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SpaceX suffers Crew Dragon engine test mishap

A SpaceX commercial crew capsule suffered a dramatic "Super Draco" abort engine test failure at the Cape Canaveral Air Force Station Saturday, sending billowing clouds of reddish-orange smoke wafting into sky and out to sea. No injuries were reported.

In a brief two-paragraph statement, SpaceX said company engineers were carrying out a series of engine tests "on a Crew Dragon test vehicle" at Landing Zone 1 at the Air Force station when the incident occurred.

"The initial tests completed successfully but the final test resulted in an anomaly on the test stand," the company said. "Ensuring that our systems meet rigorous safety standards and detecting anomalies like this prior to flight are the main reasons why we test. Our teams are investigating and working closely with our NASA partners."

The company did not say whether the "anomaly" amounted to an explosion or not, but the aftermath was visible for miles along area roads and beaches, a plume or reddish smoke that drifted away to the east over the Atlantic Ocean.

The incident, first reported by Florida Today, could have a major impact on NASA and SpaceX plans to launch astronauts to the International Space Station aboard a Crew Dragon capsule later this year. The long-awaited flight will mark the first U.S. launch of American astronauts aboard a U.S. spacecraft since the space shuttle was retired in 2011.

To help pave way for that milestone, SpaceX launched an unpiloted Crew Dragon on March 2 that carried out a successful test flight to the space station and a safe return to Earth. The mission was known as Demo 1, or DM-1.

The Demo 1 capsule was slated to fly again in the early summer timeframe for an in-flight abort test, firing up its Super Draco engines shortly after launch atop a Falcon 9 rocket to demonstrate their ability to pull a crew capsule away from a malfunctioning booster.

Following the abort test, SpaceX was expected to ready a second Crew Dragon for blastoff on a flight known as Demo 2 to carry astronauts Robert Behnken and Douglas Hurley to the space station.

SpaceX did not identify the Crew Dragon involved in the mishap Saturday, but it was believed to be the Demo 1 capsule, undergoing hot fire tests of its Draco maneuvering thrusters and the more powerful Super Draco abort engines. No other Crew Dragon test vehicles were known to be on site.

In any case, NASA Administrator Jim Bridenstine confirmed the anomaly occurred during a Super Draco test.

"The NASA and SpaceX teams are assessing the anomaly that occurred today during a part of the Dragon Super Draco Static Fire Test at SpaceX Landing Zone 1 in Florida," he said. "This is why we test. We will learn, make the necessary adjustments and safely move forward with our Commercial Crew Program."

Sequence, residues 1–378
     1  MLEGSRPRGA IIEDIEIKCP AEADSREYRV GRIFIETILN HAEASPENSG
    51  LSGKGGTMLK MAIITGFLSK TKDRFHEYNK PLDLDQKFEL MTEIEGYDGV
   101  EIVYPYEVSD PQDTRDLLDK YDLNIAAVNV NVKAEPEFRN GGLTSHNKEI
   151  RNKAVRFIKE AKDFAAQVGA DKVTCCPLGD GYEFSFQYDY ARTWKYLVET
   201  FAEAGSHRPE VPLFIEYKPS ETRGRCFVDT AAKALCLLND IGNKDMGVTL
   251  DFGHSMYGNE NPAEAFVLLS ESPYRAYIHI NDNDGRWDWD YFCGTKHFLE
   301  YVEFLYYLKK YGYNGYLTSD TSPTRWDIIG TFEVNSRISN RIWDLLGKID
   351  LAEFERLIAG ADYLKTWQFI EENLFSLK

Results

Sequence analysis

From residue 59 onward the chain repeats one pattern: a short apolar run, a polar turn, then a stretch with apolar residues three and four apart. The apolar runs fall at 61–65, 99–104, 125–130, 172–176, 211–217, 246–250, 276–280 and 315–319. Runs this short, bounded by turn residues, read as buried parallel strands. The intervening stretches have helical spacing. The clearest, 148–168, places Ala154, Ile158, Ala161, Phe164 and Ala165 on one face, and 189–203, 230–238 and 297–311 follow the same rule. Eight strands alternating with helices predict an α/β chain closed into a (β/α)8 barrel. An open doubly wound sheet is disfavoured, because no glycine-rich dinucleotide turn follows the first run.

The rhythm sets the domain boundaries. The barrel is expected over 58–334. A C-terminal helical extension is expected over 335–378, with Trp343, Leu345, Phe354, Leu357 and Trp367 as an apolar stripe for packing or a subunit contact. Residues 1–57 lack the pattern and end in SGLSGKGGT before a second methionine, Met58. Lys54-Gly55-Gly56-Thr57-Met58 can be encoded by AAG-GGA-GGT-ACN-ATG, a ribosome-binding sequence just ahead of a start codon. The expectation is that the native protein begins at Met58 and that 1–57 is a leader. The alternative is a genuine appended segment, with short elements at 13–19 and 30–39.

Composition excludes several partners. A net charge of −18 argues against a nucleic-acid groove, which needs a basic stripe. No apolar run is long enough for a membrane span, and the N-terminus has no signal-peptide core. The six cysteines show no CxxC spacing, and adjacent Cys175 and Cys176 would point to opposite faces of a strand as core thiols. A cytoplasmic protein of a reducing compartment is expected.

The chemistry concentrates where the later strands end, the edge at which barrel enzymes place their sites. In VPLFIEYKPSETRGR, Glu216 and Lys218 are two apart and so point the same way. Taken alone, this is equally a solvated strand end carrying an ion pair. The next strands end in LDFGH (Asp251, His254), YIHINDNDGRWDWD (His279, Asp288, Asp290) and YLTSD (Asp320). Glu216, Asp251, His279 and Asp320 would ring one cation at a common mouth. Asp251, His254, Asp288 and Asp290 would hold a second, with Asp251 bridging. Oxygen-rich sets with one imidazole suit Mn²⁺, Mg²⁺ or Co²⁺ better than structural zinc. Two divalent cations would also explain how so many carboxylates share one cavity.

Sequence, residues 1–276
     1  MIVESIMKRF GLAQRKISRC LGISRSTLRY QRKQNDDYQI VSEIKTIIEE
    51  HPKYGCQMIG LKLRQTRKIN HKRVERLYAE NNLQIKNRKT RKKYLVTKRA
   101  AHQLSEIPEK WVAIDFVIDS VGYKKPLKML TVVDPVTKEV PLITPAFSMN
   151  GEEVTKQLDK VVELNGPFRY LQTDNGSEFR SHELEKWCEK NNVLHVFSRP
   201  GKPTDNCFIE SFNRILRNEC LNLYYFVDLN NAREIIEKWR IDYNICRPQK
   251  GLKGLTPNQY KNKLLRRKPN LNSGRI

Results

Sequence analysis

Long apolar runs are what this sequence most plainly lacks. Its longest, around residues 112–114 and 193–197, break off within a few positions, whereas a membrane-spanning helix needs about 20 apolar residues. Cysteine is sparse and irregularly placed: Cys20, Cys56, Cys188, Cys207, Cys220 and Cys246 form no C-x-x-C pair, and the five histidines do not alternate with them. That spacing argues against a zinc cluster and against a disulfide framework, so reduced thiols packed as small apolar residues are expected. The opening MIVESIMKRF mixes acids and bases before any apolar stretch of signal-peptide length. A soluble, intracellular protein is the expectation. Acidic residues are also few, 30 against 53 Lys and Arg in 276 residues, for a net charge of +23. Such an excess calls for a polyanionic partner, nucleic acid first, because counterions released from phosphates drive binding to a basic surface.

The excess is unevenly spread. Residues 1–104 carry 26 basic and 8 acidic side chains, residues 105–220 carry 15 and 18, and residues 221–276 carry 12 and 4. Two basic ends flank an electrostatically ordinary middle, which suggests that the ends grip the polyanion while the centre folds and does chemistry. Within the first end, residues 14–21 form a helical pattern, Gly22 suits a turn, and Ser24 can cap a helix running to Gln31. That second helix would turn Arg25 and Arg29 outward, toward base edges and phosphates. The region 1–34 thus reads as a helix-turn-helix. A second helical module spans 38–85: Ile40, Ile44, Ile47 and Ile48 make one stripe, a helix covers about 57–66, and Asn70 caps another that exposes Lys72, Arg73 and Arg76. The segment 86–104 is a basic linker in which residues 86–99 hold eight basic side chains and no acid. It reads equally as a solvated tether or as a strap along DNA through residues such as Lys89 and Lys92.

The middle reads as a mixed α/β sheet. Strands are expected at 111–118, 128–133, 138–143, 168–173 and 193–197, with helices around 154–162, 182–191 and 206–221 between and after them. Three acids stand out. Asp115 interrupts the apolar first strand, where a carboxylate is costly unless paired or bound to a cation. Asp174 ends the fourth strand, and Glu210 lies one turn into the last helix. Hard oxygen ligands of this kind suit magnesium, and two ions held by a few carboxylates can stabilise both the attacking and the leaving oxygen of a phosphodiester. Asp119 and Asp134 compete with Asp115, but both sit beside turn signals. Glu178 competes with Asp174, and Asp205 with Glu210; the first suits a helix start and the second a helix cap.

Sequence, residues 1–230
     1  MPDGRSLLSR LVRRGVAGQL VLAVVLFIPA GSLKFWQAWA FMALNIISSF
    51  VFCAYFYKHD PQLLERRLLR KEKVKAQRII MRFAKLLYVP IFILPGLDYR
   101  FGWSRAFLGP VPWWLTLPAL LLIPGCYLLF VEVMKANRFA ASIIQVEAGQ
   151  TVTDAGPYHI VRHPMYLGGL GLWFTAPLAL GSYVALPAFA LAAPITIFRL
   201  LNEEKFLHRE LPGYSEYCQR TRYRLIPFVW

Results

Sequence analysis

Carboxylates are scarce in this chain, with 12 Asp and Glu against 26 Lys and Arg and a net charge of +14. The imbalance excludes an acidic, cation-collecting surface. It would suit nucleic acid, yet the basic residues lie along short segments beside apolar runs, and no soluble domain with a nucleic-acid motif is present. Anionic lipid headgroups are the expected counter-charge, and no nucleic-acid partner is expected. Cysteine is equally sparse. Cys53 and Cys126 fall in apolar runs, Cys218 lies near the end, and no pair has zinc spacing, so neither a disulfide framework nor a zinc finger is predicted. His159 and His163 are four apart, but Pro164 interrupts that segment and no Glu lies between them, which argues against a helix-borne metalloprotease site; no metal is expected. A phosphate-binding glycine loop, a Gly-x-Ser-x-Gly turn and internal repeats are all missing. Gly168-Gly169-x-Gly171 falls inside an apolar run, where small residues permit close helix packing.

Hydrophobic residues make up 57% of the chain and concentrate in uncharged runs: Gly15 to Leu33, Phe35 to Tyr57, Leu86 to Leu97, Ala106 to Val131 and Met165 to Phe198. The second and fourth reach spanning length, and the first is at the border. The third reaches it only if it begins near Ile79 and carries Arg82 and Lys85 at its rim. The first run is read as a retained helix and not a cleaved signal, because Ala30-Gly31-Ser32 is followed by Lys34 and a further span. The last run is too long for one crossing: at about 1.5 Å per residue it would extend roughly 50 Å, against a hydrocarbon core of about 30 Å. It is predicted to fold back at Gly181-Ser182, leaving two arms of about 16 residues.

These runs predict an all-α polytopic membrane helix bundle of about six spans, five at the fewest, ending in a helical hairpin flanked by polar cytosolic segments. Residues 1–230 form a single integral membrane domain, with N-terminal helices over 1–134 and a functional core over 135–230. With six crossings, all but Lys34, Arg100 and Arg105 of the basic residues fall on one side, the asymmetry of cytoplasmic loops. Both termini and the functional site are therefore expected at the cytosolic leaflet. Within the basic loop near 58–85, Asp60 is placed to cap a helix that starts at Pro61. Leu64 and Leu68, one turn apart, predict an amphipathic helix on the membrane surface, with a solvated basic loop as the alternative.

The Florida Today newspaper tweeted a photo showing a billowing red cloud, suggestive of the toxic hypergolic propellants used in the Draco engines, rising above the Air Force Station as beach goers looked on. A later tweet cited "unconfirmed reports" the capsule, whichever one it might have been, was "all but destroyed."

If the Demo 1 Crew Dragon was, in fact, destroyed or seriously damaged -- and neither NASA nor SpaceX provided any such confirmation -- the first piloted mission could face a significant delay pending corrective actions and work to ready another spacecraft for the in-flight abort test originally planned for the Demo 1 vehicle.

SpaceX and Boeing are both building capsules to carry astronauts to and from the International Space Station under commercial contracts with NASA that are aimed at ending the agency's sole reliance on Russian Soyuz spacecraft to ferry U.S. and partner astronauts to low-Earth orbit.

NASA has awarded Boeing multiple contracts totaling $4.82 billion to develop a commercial crew ship now known as the CST-100 Starliner, a capsule that will launch from the Cape Canaveral Air Force Station atop a United Launch Alliance Atlas 5 rocket.

SpaceX also won a series of contracts totaling some $3.1 billion to date to develop a piloted version of the company's Dragon cargo ship -- the Crew Dragon -- that will launch atop Falcon 9 rockets. The company holds a separate cargo contract valued at $3.04 billion for 20 space station resupply flights and another contract for an unspecified amount for at least six additional flights through 2024.

SpaceX successfully launched a Crew Dragon capsule on an unpiloted test flight March 2. That capsule was slated to be used for an upcoming in-flight abort test, the second of two intended to prove the spacecraft can escape from a malfunctioning booster, before a crew will be cleared for launch.

The first piloted flight, with Behnken and Hurley on board, is currently targeted for late July. But even before Saturday's anomaly, agency insiders were saying the flight likely was headed for the September-October timeframe. Again, what impact Saturday's mishap might have on those plans is not yet known.

Boeing's first unpiloted Starliner flight is tentatively planned for August with the first piloted flight expected late this year.

Once operational, the Crew Dragon and CST-100 Starliner both will carry supplies and four astronauts at a time to the space station and both will approach the lab from directly ahead or above, docking at recently modified ports at the front end of the complex. The Starliner will return to a touchdown in the western United States while the Crew Dragon splashes down in the Atlantic Ocean east of Cape Canaveral.